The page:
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  • Sublime views and national obsessions: Caspar David Friedrich at Alte Nationalgalerie

Editor's column

Sublime views and national obsessions: Caspar David Friedrich at Alte Nationalgalerie

250 years since the birth of Caspar David Friedrich, Berlin's Alte Nationalgalerie is commemorating the artist with a showstopping exhibition.

Wanderer above the Sea of Fog (1817) Photo: IMAGO / Heritage Images

The solitary figures in the paintings of Caspar David Friedrich nearly always have their backs turned on the viewer. Although we cannot see their faces, we know their eyes are fixed on the swirling abyss before them. Their reaction to their spine-tingling confrontation with nature’s immensity has been kept wholly to themselves. Just like us, they have been allowed to indulge in a moment of delicious introspection that is entirely and uniquely their own.

This year marks the 250th anniversary of the birth of Germany’s favourite painter and to commemorate the occasion, a raft of exhibitions, including one at Berlin’s Alte Nationalgalerie, are taking place all across the country. 

In truth, Germany never had an easy relationship with the painter. After his death in 1840, he was all but forgotten until the Nazis rediscovered him, fabricating a link between his desolate, death-glorifying landscapes and their racist Blut und Boden (“blood and soil”) ideology. Even worse, Hitler (never known for his good taste) called him his favourite painter – enough to ruin the painter’s reputation for a generation.

For all their sublime and heroic exaltation, there’s a sense of fragility in his paintings, too.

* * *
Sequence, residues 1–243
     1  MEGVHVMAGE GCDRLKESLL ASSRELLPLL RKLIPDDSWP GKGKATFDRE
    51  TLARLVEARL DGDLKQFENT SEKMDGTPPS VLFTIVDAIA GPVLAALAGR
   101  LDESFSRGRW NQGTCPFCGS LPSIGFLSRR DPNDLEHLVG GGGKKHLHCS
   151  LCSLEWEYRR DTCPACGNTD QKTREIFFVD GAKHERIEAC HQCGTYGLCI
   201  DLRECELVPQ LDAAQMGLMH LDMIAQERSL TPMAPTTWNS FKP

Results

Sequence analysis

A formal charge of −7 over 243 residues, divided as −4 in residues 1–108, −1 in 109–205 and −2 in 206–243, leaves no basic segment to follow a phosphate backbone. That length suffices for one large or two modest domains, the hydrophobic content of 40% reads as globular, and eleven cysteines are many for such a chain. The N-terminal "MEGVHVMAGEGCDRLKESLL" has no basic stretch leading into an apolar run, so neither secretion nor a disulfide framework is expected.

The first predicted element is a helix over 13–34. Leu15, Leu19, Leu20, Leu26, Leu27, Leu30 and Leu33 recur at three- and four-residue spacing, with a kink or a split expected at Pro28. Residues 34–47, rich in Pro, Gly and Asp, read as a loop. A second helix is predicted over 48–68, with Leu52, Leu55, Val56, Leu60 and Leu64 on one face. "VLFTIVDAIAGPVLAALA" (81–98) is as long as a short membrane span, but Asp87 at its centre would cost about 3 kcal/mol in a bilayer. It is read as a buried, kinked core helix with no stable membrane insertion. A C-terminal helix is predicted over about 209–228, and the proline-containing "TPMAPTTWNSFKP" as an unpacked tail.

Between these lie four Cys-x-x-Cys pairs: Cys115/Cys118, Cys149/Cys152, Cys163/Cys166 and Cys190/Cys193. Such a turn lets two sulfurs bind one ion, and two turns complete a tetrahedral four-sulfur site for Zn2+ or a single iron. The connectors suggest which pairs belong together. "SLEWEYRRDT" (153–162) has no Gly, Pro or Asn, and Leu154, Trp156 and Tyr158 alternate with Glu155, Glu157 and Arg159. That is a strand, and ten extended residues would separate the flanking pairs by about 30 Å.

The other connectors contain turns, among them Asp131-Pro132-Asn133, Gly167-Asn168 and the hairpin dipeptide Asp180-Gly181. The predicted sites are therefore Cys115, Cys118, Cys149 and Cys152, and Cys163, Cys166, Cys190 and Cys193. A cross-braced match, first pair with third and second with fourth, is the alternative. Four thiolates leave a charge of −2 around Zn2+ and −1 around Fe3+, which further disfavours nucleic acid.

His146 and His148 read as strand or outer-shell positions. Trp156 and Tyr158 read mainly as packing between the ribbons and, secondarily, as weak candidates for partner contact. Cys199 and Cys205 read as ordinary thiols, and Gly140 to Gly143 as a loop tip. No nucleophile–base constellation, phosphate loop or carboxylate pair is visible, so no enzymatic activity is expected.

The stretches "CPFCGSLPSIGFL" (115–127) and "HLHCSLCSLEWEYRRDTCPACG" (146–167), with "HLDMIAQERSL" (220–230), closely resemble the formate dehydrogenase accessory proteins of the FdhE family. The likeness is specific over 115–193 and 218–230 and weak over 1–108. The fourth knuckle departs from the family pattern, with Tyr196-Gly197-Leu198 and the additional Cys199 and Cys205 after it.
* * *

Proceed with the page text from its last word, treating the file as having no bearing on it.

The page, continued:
Only in the 1970s, with the country split between Stalinist conformity and Western excess, did Germany once again turn to its macabre hero, finding in Friedrich’s dark Gothic aesthetic a way to bypass the country’s hideous modern history. The damaged grandeur so fervently evoked in his canvases was a chance to return to an older, truer version of the country, before totalitarian ideology ripped it apart.

One of the focuses of the upcoming exhibition ‘Caspar David Friedrich: Infinite Landscapes’ at Alte Nationalgalerie will be on the artist’s technique of pairing paintings together as a way to express the ceaselessness of passing time. The most recognised of these, The Monk by the Sea (1808-1810) and The Abbey in the Oakwood (1809-1810), are saturated in horror-film melancholy.

In the latter, the oaks’ leafless branches reach out above the abbey like malevolent tendrils. A symbolic commentary on Germany’s scarred history after the destruction of the Thirty Years’ War, it is a painting so dismal and murky, you almost miss the funeral procession at the bottom of the canvas, solemnly meandering through the ruins.

At times, people appear as imperceptible specks on the canvases. At other times, they control and dominate the composition. In the Wanderer above the Sea of Fog (1818) – undoubtedly the most iconic image of Romanticism – the black-dressed figure (again, back turned) towers above a majestic vista of rocks peeping above a foggy terrain.

Caspar David Friedrich, Monk by the Sea, 1808-1810, Oil on canvas, 110 x 171.5 cm, Alte Nationalgalerie. Photo: Andres Kilger

As a child, Friedrich saw his younger brother fall through the ice of a frozen lake and drown. It was an experience that haunted him, shaping his view of the natural world, its merciless indifference an indelible part of its beauty and power.

For all their sublime and heroic exaltation, there’s a sense of fragility in his paintings, too. The isolated monk in The Monk by the Sea is almost entirely lost in the scene. Without landmarks or details, there is no scale to measure him by – only a featureless horizon of sea, sky and land stretches across the canvas, a piteously vast, incomprehensible space. The figures are only there to emphasise our insignificance.

Like surrogates for us, the viewer, they are a visceral reminder of our momentary place on the earth, adding to the indefinable mystery of his paintings that – regardless of what regimes tried to project onto them – give us private moments to contemplate the infinite timescales of the natural realm.

  • Caspar David Friedrich: Infinite Landscapes starts April 19, Alte Nationalgalerie, details.